AustLit logo
Issue Details: First known date: 2016... 2016 The Forces of Habit and the Ethics of Self-Composture in Patrick White’s Fiction
The material on this page is available to AustLit subscribers. If you are a subscriber or are from a subscribing organisation, please log in to gain full access. To explore options for subscribing to this unique teaching, research, and publishing resource for Australian culture and storytelling, please contact us or find out more.

AbstractHistoryArchive Description

In an early passage from Patrick White’s novel The Twyborn Affair (1979), the protagonist offers a spirited defense of the odors that waft from a man’s body: “Even what you call their smelly smells can have a perverse charm. The smell of an old man, for instance. So many layers of life lived—such a compost!” (52). The metaphor of compost for accumulated life experience is quintessential White, drawing inspiration from the natural world, but also celebrating its grossness rather than its supposed purity.1 It also represents a peculiar way of thinking about the “layers of life lived,” which might be more conventionally represented as inscriptions upon the body (e.g. the lines on the face that tell a story) or as hard geological layers, solidly encrusted around a stable core. Compost is layered, but the layers are loosely assembled, shifting as the organic matter decomposes and the pile recomposes itself accordingly.' (Introduction)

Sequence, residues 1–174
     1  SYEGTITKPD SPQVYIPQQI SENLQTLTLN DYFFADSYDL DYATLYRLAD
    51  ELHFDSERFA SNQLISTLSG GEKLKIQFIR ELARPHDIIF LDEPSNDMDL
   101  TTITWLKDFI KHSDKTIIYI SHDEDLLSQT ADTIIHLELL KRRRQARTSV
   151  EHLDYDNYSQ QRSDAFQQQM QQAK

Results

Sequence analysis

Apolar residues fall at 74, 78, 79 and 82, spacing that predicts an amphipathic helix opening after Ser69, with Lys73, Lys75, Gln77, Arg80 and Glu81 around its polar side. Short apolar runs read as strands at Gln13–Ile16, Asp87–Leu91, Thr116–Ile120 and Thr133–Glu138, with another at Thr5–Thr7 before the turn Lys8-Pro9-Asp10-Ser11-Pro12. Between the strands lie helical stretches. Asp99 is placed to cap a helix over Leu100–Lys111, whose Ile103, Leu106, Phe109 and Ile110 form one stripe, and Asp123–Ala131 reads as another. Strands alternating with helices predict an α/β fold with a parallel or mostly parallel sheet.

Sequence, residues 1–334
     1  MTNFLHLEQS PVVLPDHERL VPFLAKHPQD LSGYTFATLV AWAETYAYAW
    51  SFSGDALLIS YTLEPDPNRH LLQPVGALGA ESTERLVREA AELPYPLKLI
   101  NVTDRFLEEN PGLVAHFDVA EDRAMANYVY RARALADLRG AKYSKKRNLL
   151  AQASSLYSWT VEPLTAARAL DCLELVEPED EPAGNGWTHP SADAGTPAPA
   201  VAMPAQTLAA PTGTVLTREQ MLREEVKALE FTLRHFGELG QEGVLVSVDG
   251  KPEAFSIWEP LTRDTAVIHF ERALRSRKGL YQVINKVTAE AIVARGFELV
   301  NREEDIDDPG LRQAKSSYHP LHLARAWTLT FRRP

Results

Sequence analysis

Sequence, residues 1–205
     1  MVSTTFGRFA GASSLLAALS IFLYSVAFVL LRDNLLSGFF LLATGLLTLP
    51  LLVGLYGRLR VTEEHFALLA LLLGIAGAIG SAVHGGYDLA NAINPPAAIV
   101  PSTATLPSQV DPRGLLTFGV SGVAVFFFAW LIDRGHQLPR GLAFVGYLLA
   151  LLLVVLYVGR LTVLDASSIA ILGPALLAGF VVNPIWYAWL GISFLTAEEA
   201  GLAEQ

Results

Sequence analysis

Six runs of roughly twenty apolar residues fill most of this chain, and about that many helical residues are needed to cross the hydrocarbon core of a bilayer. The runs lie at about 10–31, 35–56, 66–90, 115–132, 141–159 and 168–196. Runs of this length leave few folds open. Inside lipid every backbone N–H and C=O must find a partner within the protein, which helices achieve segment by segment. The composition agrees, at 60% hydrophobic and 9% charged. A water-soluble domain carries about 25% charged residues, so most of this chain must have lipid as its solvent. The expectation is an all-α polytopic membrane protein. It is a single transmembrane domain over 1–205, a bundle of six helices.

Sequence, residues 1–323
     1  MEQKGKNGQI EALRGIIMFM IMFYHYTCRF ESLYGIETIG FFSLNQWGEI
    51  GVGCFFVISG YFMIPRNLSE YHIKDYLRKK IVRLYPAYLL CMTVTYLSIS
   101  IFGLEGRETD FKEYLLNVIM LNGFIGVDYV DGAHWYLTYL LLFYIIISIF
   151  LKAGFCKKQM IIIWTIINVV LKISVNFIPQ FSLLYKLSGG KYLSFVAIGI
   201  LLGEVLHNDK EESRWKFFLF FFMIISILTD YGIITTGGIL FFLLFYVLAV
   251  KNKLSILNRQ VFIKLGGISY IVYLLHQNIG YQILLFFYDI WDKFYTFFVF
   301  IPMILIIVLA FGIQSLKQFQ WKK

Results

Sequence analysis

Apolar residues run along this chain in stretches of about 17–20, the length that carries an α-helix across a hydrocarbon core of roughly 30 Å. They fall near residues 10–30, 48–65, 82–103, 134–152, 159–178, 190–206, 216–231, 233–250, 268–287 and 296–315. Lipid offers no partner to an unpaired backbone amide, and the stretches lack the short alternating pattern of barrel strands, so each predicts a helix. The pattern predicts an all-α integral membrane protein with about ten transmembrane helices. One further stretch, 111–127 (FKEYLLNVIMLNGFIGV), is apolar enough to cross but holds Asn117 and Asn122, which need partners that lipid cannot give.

Publication Details of Only Known VersionEarliest 2 Known Versions of

  • Appears in:
    y separately published work icon The Comparatist vol. 40 October 2016 10455078 2016 periodical issue 2016 pg. 128-143
Last amended 7 Sep 2017 13:08:19
128-143 The Forces of Habit and the Ethics of Self-Composture in Patrick White’s Fictionsmall AustLit logo The Comparatist
Subjects:
Newspapers:
    Powered by Trove
    X